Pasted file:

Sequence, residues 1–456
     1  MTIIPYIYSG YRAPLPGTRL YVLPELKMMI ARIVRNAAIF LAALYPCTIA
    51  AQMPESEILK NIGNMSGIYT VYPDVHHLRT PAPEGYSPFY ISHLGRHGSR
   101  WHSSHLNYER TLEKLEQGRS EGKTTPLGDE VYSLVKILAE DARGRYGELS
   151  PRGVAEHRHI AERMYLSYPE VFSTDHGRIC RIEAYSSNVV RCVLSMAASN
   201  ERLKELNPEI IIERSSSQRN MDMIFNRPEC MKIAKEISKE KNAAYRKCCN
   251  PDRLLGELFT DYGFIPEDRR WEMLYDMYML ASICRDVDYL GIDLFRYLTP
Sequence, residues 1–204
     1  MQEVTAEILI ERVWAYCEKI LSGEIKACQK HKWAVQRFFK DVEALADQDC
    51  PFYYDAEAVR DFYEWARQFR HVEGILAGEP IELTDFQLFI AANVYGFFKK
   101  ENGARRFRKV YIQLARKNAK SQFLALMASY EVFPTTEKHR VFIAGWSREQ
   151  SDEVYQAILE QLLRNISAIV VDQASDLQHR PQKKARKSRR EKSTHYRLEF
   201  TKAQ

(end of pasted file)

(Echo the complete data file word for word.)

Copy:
Sequence, residues 1–456
     1  MTIIPYIYSG YRAPLPGTRL YVLPELKMMI ARIVRNAAIF LAALYPCTIA
    51  AQMPESEILK NIGNMSGIYT VYPDVHHLRT PAPEGYSPFY ISHLGRHGSR
   101  WHSSHLNYER TLEKLEQGRS EGKTTPLGDE VYSLVKILAE DARGRYGELS
   151  PRGVAEHRHI AERMYLSYPE VFSTDHGRIC RIEAYSSNVV RCVLSMAASN
   201  ERLKELNPEI IIERSSSQRN MDMIFNRPEC MKIAKEISKE KNAAYRKCCN
   251  PDRLLGELFT DYGFIPEDRR WEMLYDMYML ASICRDVDYL GIDLFRYLTP
Sequence, residues 1–204
     1  MQEVTAEILI ERVWAYCEKI LSGEIKACQK HKWAVQRFFK DVEALADQDC
    51  PFYYDAEAVR DFYEWARQFR HVEGILAGEP IELTDFQLFI AANVYGFFKK
   101  ENGARRFRKV YIQLARKNAK SQFLALMASY EVFPTTEKHR VFIAGWSREQ
   151  SDEVYQAILE QLLRNISAIV VDQASDLQHR PQKKARKSRR EKSTHYRLEF
   201  TKAQ